Imperial College London

Mr Mads Jarner Brevadt

Faculty of MedicineDepartment of Surgery & Cancer

Honorary Research Associate







7L16Lab BlockCharing Cross Campus





Publication Type

3 results found

Jones G, Kotti M, Wiik A, Collins R, Brevadt M, Strachan R, Cobb Jet al., 2016, Gait comparison of unicompartmental and total knee arthroplasties with healthy controls, Bone & Joint Journal, Vol: 98-B, Pages: 16-21, ISSN: 2049-4394

Aims:To compare the gait of unicompartmental knee arthroplasty (UKA) and total knee arthroplasty (TKA) patients with healthy controls, usinga machine learning approach.Patients:145 participants (121 healthy controls, 12 cruciate retaining TKA patients, and 12 mobile bearing UKA patients) were recruited. The TKAand UKA patients were a minimum of 12 months post-op, and matched for pattern and severity of arthrosis, age, and BMI.Methods:Participants walked on an instrumented treadmill until their maximum walking speed was reached. Temporospatial gait parameters, andvertical ground reaction force data was captured at each speed. Oxford knee scores (OKS) were also collected. An ensemble of treesalgorithm was used to analyse the data: 27 gait variables were used to train classification trees for each speed, with a binary outputprediction of whether these variables were derived from a UKA or TKA patient. Healthy control gait data was then tested by the decisiontrees at each speed and a final classification (UKA or TKA) reached for each subject in a majority voting manner over all gait cycles andspeeds. Top walking speed was also recorded.Results:92% of the healthy controls were classified by the decision tree as a UKA, 5% as a TKA, and 3% were unclassified. There was nosignificant difference in OKS between the UKA and TKA patients (p=0.077). Top walking speed in TKA patients (1.6 m/s [1.3-2.1]) wassignificantly lower than that of both the UKA group (2.2 m/s [1.8-2.7]) and healthy controls (2.2 m/s [1.5-2.7]) (p<0.001).Conclusion:UKA results in a more physiological gait compared to TKA, and a higher top walking speed. This difference in function was not detectedby the OKS.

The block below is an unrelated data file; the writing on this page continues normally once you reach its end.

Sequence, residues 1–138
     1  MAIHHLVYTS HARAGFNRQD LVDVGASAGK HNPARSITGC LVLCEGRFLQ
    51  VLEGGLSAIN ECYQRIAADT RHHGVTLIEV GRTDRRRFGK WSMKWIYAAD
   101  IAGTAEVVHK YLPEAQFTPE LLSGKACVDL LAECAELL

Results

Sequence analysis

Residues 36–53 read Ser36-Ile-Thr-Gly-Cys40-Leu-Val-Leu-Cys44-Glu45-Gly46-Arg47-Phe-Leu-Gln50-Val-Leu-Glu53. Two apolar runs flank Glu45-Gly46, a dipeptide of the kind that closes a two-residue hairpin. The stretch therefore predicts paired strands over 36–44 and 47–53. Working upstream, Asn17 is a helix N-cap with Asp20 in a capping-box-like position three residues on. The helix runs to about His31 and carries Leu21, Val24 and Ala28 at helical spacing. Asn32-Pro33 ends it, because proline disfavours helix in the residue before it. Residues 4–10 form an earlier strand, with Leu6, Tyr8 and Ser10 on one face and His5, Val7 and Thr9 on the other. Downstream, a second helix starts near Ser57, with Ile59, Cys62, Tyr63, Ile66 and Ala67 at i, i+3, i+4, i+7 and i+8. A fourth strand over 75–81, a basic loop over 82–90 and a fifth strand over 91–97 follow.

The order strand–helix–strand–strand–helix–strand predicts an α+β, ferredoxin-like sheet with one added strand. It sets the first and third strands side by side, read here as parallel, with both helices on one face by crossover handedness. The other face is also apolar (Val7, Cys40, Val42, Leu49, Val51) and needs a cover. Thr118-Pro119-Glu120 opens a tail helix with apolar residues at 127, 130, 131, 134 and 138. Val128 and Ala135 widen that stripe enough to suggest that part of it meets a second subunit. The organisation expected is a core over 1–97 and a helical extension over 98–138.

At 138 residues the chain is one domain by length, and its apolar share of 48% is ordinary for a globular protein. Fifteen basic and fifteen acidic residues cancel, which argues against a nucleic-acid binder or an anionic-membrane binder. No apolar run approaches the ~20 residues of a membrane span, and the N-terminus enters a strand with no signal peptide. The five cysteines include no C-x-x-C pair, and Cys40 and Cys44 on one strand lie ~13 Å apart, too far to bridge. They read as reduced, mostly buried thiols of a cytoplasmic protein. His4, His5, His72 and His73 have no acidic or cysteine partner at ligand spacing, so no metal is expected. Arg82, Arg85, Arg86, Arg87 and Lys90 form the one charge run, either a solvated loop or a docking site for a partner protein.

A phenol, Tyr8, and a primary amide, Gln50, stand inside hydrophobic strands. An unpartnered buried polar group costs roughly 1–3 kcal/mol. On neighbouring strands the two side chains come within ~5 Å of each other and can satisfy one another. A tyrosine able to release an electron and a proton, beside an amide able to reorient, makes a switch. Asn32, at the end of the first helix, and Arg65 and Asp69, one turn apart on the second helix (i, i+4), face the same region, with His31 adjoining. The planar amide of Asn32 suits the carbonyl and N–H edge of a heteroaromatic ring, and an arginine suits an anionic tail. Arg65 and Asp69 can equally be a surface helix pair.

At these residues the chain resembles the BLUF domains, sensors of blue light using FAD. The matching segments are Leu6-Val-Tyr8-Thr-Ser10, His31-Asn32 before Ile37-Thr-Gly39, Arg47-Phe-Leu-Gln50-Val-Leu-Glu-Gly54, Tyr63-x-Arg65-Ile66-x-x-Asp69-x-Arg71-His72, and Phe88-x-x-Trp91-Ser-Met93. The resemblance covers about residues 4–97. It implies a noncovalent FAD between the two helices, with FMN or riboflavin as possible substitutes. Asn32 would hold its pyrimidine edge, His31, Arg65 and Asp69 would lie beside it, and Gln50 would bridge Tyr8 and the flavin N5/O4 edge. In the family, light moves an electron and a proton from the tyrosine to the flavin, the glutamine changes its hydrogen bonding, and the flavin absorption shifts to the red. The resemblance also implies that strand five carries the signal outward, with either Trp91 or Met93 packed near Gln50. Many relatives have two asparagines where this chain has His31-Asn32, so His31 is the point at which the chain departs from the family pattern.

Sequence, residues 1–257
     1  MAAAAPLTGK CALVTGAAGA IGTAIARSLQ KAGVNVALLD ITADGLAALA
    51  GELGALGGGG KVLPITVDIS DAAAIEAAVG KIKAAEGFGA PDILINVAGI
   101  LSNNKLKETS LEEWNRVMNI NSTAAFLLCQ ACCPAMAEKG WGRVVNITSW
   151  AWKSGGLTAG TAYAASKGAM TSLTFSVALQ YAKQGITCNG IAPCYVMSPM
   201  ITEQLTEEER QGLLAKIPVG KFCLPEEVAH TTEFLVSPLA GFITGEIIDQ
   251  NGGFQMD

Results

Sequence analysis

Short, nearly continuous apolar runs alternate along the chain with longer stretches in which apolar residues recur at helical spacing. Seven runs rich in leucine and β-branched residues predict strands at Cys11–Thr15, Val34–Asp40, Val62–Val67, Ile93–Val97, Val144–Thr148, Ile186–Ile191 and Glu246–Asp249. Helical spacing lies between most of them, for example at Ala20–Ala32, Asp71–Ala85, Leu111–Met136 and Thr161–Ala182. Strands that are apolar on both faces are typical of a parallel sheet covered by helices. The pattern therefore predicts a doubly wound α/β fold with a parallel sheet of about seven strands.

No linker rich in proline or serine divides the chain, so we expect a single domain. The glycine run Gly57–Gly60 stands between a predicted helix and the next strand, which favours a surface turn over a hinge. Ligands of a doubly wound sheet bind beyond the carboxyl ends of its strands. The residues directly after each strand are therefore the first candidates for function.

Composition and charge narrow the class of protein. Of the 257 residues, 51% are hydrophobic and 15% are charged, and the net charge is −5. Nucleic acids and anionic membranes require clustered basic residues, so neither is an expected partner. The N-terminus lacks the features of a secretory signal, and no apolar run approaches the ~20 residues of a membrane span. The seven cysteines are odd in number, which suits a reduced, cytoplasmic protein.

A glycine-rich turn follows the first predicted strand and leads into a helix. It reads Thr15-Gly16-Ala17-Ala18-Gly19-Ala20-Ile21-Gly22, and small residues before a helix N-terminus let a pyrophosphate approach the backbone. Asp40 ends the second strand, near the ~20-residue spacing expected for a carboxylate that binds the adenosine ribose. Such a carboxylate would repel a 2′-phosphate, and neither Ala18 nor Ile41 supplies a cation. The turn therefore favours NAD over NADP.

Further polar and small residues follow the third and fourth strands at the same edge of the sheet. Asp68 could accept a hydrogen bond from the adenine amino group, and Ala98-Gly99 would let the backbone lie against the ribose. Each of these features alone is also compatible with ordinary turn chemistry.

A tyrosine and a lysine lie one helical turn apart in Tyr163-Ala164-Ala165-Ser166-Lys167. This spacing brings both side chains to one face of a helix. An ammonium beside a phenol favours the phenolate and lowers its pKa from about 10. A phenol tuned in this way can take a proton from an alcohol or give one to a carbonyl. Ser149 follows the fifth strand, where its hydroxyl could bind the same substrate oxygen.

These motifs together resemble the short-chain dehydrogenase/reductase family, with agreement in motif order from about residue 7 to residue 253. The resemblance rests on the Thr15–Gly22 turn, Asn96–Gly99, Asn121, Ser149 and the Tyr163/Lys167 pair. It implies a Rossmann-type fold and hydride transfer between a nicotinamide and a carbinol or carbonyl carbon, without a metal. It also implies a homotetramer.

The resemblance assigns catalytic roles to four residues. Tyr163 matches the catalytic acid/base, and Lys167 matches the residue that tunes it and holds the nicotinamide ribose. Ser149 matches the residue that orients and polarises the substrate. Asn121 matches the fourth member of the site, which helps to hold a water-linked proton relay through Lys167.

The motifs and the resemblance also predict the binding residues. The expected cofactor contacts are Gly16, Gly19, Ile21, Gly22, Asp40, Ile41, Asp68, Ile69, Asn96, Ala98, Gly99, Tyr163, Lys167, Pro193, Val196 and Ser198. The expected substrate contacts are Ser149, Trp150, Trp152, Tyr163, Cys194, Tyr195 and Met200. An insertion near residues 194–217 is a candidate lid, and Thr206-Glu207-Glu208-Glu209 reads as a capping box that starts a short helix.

Journal article

Manning V, Yiallourides C, Brevadt M, Moore A, Auvinet E, Naylor P, Cobb Jet al., 2015, Knee sounds may predict osteoarthritis severity, symptoms and function: pilot investigation toward a novel dynamic imaging system, Arthritis & Rheumatology, Vol: 67, ISSN: 2326-5191

Journal article

Brevadt MJ, manning VL, wiik A, aqil A, dadia S, cobb JPet al., 2015, THE IMPACT OF STEM LENGTH ON FUNCTION FOLLOWING HIP ARTHROPLASTY: ARE LONG STEMS STILL REQUIRED?, International Society for Technology in Arthroplasty

Conference paper

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